by Mike Isikoff
As the Obama White House vigorously defends its policy of drone strikes killing suspected terrorists—including in some cases American citizens—it invokes the findings of secret intelligence showing the targets pose an “imminent” threat to the U.S.
But there are ample reasons for perennial skepticism about such claims—and perhaps never more so than now as the country approaches a sobering historic moment: the tenth anniversary of President George W. Bush’s invasion of Iraq.
The war that began March 19, 2003 was justified to the country by alarming claims about Iraqi weapons of mass destruction and connections to Al Qaeda terrorists— almost all of which turned out to be completely false. Many of these claims were asserted with absolute confidence by the most senior officials in the U.S. government—when privately, ranking U.S. military officers and intelligence professionals were registering dissents and voicing doubts. Hubris: The Selling of the Iraq War, a documentary special with Rachel Maddow that will air Monday night at 9pm EST on MSNBC and based on a book I co-authored with David Corn, provides new evidence those dissents were even more profound and widespread than anybody has until now known.
In this excerpt from the film, the role of Deputy Secretary of Defense, Paul Wolfowitz in building the case against Saddam Hussein is explored. Hubris: Selling the Iraq War, hosted by Rachel Maddow, airs Monday, Feb 18, 9pm E.T./ 6pm P.T. on MSNBC.
"It was a shock, it was a total shock-- I couldn’t believe the vice president was saying this,” Gen. Anthony Zinni, the former commander of U.S. Central Command, told me in an interview for the documentary. Zinni, who had access to the most sensitive U.S. intelligence on Iraq, had been on the stage in Nashville, Tennessee, receiving an award from the Veteran of Foreign Wars on August 26, 2002 when he heard then Vice President Dick Cheney launch the opening salvo in the Bush administration’s public campaign to generate public support for an invasion. “Simply stated, there is no doubt that Saddam Hussein now has weapons of mass destruction,” Cheney said that day. “There is no doubt he is amassing them to use against our friends, against our allies and against us.” Zinni, sitting right next to Cheney’s lecturn, says he “literally bolted” when the heard the vice president’s comments. “In doing work with the CIA on Iraq WMD [weapons of mass destruction], through all the briefings I heard at Langley, I never saw one piece of credible evidence that there was an ongoing program.” He recounts going to one of those CIA briefings and being struck at how thin the agency’s actual knowledge of Iraq weapons programs were. “What I was hearing [from Bush administration officials) and what I knew did not jive,” Zinni says.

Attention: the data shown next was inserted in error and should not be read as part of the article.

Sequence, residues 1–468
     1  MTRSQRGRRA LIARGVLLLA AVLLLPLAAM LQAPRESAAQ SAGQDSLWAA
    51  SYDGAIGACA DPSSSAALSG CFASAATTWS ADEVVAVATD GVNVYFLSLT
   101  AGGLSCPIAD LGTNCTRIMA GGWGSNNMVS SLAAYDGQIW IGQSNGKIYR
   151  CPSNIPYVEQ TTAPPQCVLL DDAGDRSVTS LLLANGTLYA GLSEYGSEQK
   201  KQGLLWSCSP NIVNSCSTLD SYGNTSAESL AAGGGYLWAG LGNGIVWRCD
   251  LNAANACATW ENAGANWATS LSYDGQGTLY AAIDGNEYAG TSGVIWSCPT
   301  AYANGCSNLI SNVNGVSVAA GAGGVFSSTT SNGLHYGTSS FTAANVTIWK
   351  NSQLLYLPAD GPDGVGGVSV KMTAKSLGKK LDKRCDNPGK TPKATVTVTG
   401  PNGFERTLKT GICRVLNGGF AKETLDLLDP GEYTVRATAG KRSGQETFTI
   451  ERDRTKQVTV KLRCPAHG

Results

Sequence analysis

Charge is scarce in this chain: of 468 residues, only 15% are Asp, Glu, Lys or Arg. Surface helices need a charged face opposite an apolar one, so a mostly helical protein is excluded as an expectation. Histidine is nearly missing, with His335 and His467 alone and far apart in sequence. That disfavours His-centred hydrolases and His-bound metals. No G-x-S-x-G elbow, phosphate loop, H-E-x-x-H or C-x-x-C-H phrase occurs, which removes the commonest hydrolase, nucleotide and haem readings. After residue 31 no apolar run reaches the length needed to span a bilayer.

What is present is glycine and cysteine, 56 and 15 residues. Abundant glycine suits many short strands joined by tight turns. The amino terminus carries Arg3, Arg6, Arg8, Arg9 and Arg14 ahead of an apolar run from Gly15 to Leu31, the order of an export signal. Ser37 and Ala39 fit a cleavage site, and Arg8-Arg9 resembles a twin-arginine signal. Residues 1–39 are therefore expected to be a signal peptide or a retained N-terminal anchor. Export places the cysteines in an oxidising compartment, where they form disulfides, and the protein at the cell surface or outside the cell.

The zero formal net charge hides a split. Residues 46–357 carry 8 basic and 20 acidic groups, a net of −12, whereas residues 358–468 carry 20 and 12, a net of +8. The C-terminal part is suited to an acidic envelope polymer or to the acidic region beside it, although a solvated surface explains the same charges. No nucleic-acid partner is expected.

Cheney, like most other senior Bush administration officials, declined to be interviewed for Hubris. But one who did was Douglas Feith, former undersecretary of the defense for policy under Donald Rumsfeld and an ardent defender of the Iraq War. Feith explains the strategic thinking that underlay the administration decision to invade. “The idea was to take actions after 9/11 that would so shock state supporters of terrorism around the world that we might be able to get them to change their policies and regarding support for terrorism and pursuit of weapons of mass destruction,” he says in the film.
Vice President Dick Cheney tells The Veterans of Foreign Wars that there is "no doubt" that Saddam Hussein possesses WMD. Hubris: Selling the Iraq War, hosted by Rachel Maddow, airs Monday, Feb 18, 9pm E.T./ 6pm P.T. on MSNBC.
But documents declassified only in recent years make it clear Bush administration officials were never truly interested in changing Saddam’s policies: They wanted him gone and were determined to go to war to achieve that end. The very afternoon of the 9/11 attack, Rumsfeld met with top aides and asked for the “best info fast—good enough to hit Saddam Hussein,” the notes of that meeting state. By late November, Rumsfeld was meeting with Gen. Tommy Franks, Centcom commander, to plot the “decapitation” of the Iraqi government, according to the now declassified talking points from the session.
But the talking points suggest Rumsfeld and his team were grappling with a tricky issue: “How [to] start?” the war. In other words, what would the pretext be? Various scenarios were outlined according to the talking points: “US discovers Saddam connection to Sept. 11 attack or to anthrax attacks?” reads one of them. Then there is another that would also soon get traction within the Bush administration: “Dispute over WMD inspections?” read the talking points. “Start now thinking about inspection demands.”
Read today, the talking points make it clearer than ever that Cheney, Rumsfeld, Wolfowitz and others were determined to invade Iraq all along—and were looking for reasons to justify the war to the public and the world. Paul Pillar – then one of the CIA’s top terrorism analysts—says in the documentary that the 9/11 attacks “made it politically possible for the first time to persuade the American people to break a tradition of not launching offensive wars.” But to achieve the goal, secret intelligence was twisted, massaged, and wildly exaggerated. “It wasn't a matter of lying about this or lying about that,” Pillar says at another point. “But rather—through the artistry of speech writers and case presenters—conveying an impression to the American people that certain things were true.” But those things weren't true.
Watch “Hubris: Selling the Iraq War,” Monday at 9pm EST on MSNBC– and see how it was done.
Mike Isikoff is National Investigative Correspondent for NBC News and appeared last Sunday on the Meet the Press roundtable to discuss his exclusive story on the Obama administration's use of Drones.